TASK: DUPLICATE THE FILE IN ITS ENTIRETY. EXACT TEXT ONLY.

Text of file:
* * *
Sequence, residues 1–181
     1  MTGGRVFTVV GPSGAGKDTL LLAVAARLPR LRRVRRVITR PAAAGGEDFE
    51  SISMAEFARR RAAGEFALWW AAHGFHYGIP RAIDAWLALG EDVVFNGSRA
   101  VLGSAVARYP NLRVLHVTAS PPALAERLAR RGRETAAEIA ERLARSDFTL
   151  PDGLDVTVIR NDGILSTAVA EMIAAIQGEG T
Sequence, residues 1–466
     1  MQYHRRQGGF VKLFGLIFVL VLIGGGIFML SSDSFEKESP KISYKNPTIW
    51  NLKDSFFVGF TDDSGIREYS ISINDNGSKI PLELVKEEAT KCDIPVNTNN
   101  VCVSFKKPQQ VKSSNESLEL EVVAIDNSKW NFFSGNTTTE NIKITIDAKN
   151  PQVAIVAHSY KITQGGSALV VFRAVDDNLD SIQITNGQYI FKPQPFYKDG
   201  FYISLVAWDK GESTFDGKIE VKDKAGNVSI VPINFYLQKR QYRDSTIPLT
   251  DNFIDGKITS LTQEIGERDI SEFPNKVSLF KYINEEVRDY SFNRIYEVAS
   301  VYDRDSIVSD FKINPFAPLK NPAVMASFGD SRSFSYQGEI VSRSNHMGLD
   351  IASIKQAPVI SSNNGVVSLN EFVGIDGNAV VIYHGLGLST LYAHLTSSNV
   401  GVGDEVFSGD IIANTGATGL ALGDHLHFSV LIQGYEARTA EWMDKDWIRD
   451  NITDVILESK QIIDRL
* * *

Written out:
Sequence, residues 1–181
     1  MTGGRVFTVV GPSGAGKDTL LLAVAARLPR LRRVRRVITR PAAAGGEDFE
    51  SISMAEFARR RAAGEFALWW AAHGFHYGIP RAIDAWLALG EDVVFNGSRA
   101  VLGSAVARYP NLRVLHVTAS PPALAERLAR RGRETAAEIA ERLARSDFTL
   151  PDGLDVTVIR NDGILSTAVA EMIAAIQGEG T
Sequence, residues 1–466
     1  MQYHRRQGGF VKLFGLIFVL VLIGGGIFML SSDSFEKESP KISYKNPTIW
    51  NLKDSFFVGF TDDSGIREYS ISINDNGSKI PLELVKEEAT KCDIPVNTNN
   101  VCVSFKKPQQ VKSSNESLEL EVVAIDNSKW NFFSGNTTTE NIKITIDAKN
   151  PQVAIVAHSY KITQGGSALV VFRAVDDNLD SIQITNGQYI FKPQPFYKDG
   201  FYISLVAWDK GESTFDGKIE VKDKAGNVSI VPINFYLQKR QYRDSTIPLT
   251  DNFIDGKITS LTQEIGERDI SEFPNKVSLF KYINEEVRDY SFNRIYEVAS
   301  VYDRDSIVSD FKINPFAPLK NPAVMASFGD SRSFSYQGEI VSRSNHMGLD
   351  IASIKQAPVI SSNNGVVSLN EFVGIDGNAV VIYHGLGLST LYAHLTSSNV
   401  GVGDEVFSGD IIANTGATGL ALGDHLHFSV LIQGYEARTA EWMDKDWIRD
   451  NITDVILESK QIIDRL